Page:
I really do believe that most people are good, and likely to do the right thing. When I have been poor, or afraid, or hurting, there has always been someone there to aid me.  In some instances, many people.  Of all kindnesses, it is often the kindness of strangers that is most gratifying.  I think this is because it is almost the penultimate good. Most of us are there for our friends and family, but when you reach out to those who have no claim on you other than their current need, you are really doing something for the right reason.  In fact, that is often the answer someone who has performed a heroic deed gives in response to the question:  “Why did you do it?”  “Because it was the right thing to do.”  There it is.

And so once again, amidst my frustration, I am in a state of grace, if indeed that is what being grateful is.  In the past two weeks I have been the beneficiary of so much kindness, caring, skill and time on the part of friends, family and people who prior to this were strangers.  It is a bit overwhelming and there is an aspect of humility to it that is not always easy for me:  a reminder that no matter how independent I would like to be, I am part of a society.  To give is empowering.  To get is, well, a reminder of your interdependence.  And that is not necessarily a bad thing.

3 responses to “Grace and gratitude

  1. “Life was like a box of chocolates. You never know what you’re gonna get.”
    Not a chocolate for you, “shit happens”.
    Returning from a vacation in Chile crossing the Andes at 5000 meters I was a passenger in a car that rolled over 3 times. My brocken arm was operated by an army doctor, the bone held by 3 wires twisted at the ends. Lucky to be alive.
    After a great vacation and 3 days in bed, got 3 months of work fully paid. Super lucky.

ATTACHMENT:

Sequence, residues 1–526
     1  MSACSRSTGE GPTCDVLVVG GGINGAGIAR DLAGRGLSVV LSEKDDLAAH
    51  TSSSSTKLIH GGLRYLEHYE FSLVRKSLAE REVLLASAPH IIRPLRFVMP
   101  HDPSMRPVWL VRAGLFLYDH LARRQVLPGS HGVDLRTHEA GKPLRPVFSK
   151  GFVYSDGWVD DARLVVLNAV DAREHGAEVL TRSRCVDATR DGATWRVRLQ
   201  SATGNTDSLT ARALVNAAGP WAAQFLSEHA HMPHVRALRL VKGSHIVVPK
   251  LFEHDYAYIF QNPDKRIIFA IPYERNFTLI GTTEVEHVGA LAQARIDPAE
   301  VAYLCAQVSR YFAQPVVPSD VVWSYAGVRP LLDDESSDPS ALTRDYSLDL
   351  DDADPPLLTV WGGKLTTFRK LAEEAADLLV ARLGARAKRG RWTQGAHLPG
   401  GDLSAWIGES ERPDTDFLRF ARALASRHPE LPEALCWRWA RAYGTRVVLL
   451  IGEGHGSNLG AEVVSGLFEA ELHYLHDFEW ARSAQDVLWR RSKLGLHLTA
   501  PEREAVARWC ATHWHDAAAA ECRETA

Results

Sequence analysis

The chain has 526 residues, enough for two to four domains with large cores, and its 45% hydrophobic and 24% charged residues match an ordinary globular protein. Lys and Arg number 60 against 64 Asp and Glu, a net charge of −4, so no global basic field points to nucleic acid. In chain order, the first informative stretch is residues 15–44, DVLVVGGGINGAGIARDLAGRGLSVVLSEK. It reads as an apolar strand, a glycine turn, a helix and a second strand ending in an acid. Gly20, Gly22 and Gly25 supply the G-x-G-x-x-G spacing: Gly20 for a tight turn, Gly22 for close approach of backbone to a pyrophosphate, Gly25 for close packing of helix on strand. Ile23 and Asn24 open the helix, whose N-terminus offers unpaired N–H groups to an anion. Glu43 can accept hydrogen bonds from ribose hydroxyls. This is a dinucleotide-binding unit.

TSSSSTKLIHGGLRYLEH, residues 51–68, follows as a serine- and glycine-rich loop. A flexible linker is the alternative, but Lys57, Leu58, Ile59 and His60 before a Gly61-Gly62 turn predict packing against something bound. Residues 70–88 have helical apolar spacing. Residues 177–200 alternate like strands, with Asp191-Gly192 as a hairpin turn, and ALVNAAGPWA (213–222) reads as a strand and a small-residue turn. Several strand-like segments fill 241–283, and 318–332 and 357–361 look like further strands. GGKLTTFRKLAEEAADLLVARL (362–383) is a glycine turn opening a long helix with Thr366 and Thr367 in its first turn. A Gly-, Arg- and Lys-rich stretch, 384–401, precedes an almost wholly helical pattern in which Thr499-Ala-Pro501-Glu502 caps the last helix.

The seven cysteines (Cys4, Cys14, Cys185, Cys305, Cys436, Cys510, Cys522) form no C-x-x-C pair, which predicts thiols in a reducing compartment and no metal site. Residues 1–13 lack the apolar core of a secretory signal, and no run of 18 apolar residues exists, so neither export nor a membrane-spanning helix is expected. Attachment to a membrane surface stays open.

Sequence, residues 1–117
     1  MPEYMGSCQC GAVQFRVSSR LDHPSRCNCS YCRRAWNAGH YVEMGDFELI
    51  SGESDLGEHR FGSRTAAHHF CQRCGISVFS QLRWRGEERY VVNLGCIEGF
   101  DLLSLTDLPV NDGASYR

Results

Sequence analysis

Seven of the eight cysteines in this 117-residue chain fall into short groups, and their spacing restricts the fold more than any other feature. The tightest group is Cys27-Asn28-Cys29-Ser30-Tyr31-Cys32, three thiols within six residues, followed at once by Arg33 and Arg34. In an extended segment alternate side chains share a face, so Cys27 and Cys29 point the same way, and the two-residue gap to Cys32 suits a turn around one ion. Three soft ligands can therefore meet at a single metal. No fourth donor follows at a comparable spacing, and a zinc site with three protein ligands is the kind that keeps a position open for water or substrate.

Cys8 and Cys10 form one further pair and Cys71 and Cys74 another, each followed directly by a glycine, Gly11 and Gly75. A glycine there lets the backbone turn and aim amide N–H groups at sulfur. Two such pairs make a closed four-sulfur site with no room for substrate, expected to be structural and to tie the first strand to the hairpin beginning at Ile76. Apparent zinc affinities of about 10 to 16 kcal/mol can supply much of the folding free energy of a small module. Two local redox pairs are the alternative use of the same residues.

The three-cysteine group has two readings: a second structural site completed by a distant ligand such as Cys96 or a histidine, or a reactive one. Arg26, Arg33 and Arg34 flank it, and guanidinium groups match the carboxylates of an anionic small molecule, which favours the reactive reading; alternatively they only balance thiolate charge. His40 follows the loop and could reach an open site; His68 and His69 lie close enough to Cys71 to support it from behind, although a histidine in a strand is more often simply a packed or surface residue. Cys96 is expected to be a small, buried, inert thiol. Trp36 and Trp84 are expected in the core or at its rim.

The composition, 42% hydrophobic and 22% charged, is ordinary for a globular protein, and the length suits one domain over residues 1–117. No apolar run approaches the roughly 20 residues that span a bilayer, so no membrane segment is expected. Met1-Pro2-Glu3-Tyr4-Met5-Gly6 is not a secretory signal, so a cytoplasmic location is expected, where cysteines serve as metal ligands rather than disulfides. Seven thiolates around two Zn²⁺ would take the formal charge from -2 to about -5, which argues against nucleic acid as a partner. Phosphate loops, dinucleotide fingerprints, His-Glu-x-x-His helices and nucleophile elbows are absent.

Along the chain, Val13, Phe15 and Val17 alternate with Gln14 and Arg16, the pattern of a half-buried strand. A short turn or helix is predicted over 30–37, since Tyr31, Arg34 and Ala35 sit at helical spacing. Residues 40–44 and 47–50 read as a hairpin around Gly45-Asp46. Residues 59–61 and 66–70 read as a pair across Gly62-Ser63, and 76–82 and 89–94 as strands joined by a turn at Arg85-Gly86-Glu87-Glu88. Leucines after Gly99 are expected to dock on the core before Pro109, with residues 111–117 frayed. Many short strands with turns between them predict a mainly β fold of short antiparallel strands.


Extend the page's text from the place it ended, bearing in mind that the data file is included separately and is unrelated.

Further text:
Enjoy what you have now, there is not after life for atheist like us. Or there it is? Is Thanks giving day here in Canada, join us.

  2. I’m glad you consider yourself a lucky man Guillermo, because you’ve certainly had your share of adventure. I hope you had a Happy Thanksgiving. Linnea

  3. After you mentioned luck and wished me a happy Thanksgiving day I read about your lovely daughter and thought how lucky you are with her attitude and support.
    One of my 2 daughters a gifted 30 year old living in the same city didn’t come to share turkey with us, she is a vegetarian. Has problems dealing with my cancer, I worry that she may be sick too with nutrition deficiencies and passive aggressive behaviour.
    Just separated after 3 year of marriage when he plans to finish a doctorate in research medicine this winter. Sad and not helping lady luck.

    For me born in Buenos Aires at the end of the golden era of tango, is like being born in New Orleans in Louis Armstrong days. So I remembered Yira Yira (Girare, wandering, street walking), one great tango that describes bad luck, daily difficulties, the sensation that all the horizons are clouded, all the roads closed.
    Linnea I think that you will appreciate this blog with introduction to tangos.
    See Tuesday, December 11, 2007 Yira, Yira interpretations and lyrics. Sorry, translation meaning to betray, is very hard from lunfardo the local slang. I.e grela is woman not bitch, yerba mate is a herb, not tea, but you get the idea.